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Kids encouraged to 'Plug into Nature'

Kids encouraged to 'Plug into Nature'

(WXIA) -- The Georgia Department of Natural Resources has brought back its Give Wildlife a Chance Poster Contest for 2014.

This year's theme is Plug into Nature, emphasizing the importance of experiencing wildlife and plants firsthand.

All Georgia students in grades kindergarten through 5 are invited to enter the contest. The top 12 winners' posters will be displayed on the DNR's Flickr site and at the Go Fish Education Center in Perry during the first two weeks in May.

Contest entries are due Apr. 16. Three winners will be picked in four categories (kindergarten, grades 1-2, grades 3-4, grade 5).

Visit georgiawildlife.com for more information about the contest.

Pike Nurseries recycling Christmas trees

Pike Nurseries recycling Christmas trees

(WXIA) -- Do you still have your Christmas tree? Pike Nurseries is holding a tree recycling event through the end of January.

Customers can bring their live trees to any Pike Nurseries location until Jan. 31. The trees will be chipped and recycled; Pike Nurseries plans to turn Christmas trees into compost and other environmentally friendly materials.

Pike Nurseries will also come to customers' homes and pick up their trees for $50.

To find your nearest Pike, visit pikenursery.com.

Preparedness Key to Safety During Hurricane Season

Preparedness Key to Safety During Hurricane Season

Imagine a hurricane making landfall on Georgia’s coastline, with winds 150 mph or greater causing terrible damage.  The tropical cyclone spawns several tornadoes as it moves inland and heavy rains cause major flooding.  High winds also persist resulting in uprooted trees and down power lines.

GEMA: Georgians should prepare as hurricane season hurries in

GEMA: Georgians should prepare as hurricane season hurries in

ATLANTA -- The Georgia Emergency Management Agency stresses the importance of safety just before Hurricane Preparedness Week hits. 

During the week, May 26 - June 1, education will be offered to all residents through Georgia who plan to camp outdoors, throw cookouts and spend time at the lakes or in the backyard. Severe weather can make its way here anytime, a Ready Georgia spokeswoman said, which puts Georgians at risk statewide.

Fulton County Cooperative Extension offers assistance to homeowners concerned about radon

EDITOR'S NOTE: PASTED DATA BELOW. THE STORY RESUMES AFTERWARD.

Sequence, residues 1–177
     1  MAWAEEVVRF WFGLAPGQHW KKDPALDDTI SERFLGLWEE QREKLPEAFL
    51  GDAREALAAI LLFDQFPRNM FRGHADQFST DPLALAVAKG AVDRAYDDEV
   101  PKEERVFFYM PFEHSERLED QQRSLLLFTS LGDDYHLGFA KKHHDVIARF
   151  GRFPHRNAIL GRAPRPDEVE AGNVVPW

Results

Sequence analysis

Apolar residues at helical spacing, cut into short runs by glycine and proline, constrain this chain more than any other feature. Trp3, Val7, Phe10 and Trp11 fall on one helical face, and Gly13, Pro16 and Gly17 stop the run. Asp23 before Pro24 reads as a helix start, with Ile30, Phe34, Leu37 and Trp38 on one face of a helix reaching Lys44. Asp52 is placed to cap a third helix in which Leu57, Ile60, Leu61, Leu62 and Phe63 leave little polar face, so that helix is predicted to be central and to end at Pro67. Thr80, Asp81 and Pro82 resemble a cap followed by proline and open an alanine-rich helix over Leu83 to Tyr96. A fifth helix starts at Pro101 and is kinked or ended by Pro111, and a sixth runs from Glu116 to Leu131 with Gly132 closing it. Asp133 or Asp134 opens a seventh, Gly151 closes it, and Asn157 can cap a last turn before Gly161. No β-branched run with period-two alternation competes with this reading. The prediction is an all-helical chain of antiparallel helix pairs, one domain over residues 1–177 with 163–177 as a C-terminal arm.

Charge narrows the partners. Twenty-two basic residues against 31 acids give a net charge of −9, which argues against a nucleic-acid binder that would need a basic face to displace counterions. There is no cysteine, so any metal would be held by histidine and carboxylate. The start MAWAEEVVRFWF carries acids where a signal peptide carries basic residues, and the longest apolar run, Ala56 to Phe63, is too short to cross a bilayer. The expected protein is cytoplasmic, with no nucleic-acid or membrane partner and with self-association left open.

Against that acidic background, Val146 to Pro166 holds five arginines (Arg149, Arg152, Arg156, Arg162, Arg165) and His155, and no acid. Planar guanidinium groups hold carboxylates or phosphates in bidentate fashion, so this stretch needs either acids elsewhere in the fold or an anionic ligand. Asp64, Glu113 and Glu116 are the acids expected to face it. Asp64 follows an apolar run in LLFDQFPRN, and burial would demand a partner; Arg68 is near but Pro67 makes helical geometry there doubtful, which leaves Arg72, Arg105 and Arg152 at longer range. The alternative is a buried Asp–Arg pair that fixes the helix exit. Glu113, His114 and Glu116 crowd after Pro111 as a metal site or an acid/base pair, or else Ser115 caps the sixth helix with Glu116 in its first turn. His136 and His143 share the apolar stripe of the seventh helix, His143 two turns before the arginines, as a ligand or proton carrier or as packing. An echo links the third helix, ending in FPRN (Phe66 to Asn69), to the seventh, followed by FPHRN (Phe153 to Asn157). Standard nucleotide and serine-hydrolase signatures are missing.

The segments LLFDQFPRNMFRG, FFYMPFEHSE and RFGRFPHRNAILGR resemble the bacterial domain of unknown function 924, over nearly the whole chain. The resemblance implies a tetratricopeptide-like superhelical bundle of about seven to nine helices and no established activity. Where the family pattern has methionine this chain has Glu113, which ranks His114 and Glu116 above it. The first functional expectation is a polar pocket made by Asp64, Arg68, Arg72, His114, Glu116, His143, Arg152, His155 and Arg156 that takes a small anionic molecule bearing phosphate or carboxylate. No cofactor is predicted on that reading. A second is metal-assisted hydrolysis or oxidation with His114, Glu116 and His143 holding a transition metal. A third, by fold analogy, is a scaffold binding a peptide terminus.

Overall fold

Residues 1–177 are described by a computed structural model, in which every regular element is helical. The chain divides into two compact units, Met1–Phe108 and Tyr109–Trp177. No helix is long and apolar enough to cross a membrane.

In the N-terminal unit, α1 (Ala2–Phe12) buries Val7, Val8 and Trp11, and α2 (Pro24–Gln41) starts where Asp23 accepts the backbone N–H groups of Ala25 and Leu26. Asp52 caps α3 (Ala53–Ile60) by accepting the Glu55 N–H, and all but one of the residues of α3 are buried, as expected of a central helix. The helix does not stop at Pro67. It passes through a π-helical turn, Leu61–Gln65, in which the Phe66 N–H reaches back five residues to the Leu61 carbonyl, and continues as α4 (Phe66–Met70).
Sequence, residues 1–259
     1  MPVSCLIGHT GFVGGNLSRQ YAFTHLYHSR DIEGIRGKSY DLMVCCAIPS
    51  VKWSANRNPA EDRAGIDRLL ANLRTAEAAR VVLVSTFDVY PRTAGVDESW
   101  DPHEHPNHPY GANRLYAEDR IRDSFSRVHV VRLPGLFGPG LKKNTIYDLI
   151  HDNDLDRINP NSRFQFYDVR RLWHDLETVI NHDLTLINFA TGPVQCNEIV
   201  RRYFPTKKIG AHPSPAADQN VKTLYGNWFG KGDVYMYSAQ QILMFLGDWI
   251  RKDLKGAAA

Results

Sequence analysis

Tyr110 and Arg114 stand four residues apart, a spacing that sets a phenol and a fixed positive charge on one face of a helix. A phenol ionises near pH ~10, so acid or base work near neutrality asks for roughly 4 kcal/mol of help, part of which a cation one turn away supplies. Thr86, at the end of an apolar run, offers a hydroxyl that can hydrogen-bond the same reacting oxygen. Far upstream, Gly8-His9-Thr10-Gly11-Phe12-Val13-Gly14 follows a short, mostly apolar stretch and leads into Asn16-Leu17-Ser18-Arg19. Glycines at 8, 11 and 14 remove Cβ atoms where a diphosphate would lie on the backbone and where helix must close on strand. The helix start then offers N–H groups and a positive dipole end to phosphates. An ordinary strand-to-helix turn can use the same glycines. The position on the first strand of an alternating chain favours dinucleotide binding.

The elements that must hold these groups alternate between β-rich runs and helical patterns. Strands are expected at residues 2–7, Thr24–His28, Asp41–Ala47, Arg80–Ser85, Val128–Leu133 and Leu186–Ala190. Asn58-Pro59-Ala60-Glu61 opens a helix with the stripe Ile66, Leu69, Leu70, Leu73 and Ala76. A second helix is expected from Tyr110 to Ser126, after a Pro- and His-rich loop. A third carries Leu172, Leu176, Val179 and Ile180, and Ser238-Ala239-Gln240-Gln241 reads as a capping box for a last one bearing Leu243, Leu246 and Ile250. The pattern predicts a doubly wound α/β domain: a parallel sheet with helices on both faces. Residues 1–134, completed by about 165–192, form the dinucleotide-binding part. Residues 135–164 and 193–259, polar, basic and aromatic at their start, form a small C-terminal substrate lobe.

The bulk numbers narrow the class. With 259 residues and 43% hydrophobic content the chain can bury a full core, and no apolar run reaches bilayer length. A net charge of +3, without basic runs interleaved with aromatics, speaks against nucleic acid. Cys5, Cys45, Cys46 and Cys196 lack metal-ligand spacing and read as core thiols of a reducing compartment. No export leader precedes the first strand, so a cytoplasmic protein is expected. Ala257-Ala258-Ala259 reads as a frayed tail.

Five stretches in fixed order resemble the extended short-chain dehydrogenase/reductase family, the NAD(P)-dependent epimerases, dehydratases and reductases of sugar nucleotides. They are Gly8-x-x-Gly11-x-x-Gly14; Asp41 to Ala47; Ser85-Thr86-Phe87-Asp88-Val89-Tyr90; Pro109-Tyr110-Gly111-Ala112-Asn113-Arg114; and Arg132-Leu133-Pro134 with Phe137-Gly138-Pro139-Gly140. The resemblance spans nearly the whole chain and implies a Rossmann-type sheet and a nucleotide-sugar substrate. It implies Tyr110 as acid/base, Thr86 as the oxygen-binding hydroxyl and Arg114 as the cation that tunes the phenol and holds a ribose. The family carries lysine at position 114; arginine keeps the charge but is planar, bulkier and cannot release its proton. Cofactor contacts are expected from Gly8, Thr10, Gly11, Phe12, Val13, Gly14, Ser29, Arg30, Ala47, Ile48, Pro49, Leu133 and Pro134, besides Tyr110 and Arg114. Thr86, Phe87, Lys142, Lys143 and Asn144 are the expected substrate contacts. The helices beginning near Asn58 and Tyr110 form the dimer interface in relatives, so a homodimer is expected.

Fulton County Cooperative Extension offers assistance to homeowners concerned about radon

ATLANTA -- According to the University of Georgia College of Family & Consumer Sciences, although radon is present throughout the environment, when high levels of radon enter a home or building, people are exposed to more of its radiation and their risk of cancer increases. Such a situation can easily be discovered and corrected.  Fulton County Cooperative Extension offers assistance to concerned homeowners to identify potential harm from the dangerous radioactive gas.

“Radon is colorless, odorless and tasteless,” states Menia Chester, Director of Fulton County Cooperative Extension. “A radon test is the only way to find out how much radon is in your home.”

Atlanta Chefs Celebrate First Pastured Poultry Week, June 11-17

Atlanta Chefs Celebrate First Pastured Poultry Week, June 11-17

Georgians for Pastured Poultry (GPP), an alliance that is promoting the use of high-welfare, pasture raised poultry in Georgia, has created Pastured Poultry Week to take place Monday, June 11 through Sunday, June 17, 2012.

As part of this annual event, Atlanta restaurants will help spread the word about the many virtues of pastured poultry – its superior taste, the natural life of the chickens, and the positive impact on both human health and the health of the environment – by serving it on their menus every day during this designated week. Additionally, chef demonstrations at local farmers markets throughout the spring and summer will educate consumers on ways to prepare pastured poultry in order to continue raising awareness.

Participating restaurants include:

15 counties must clean their air

15 counties must clean their air

ATLANTA -- Air Quality Awareness Week recently came to a close, and 15 metro Atlanta counties didn't quite make the clean air cut.

The U.S. Environmental Protection Agency recently changed its standards of attainment for ozone standards from .08 parts per billion to .075 parts.

The change means that 15 formerly compliant counties were re-designated at nonattainment for ground-level ozone: Bartow, Cherokee, Clayton, Cobb, Coweta, DeKalb, Douglas, Fayette, Forsyth, Fulton, Gwinnett, Henry, Newton, Paulding and Rockdale.

To clean up the air, residents can try carpooling to work or taking MARTA if possible; fewer cars on the roads means more breathable air for everyone in metro Atlanta.

Learn more about how to reduce emissions and cut down on ozone at www.cleanaircampaign.org.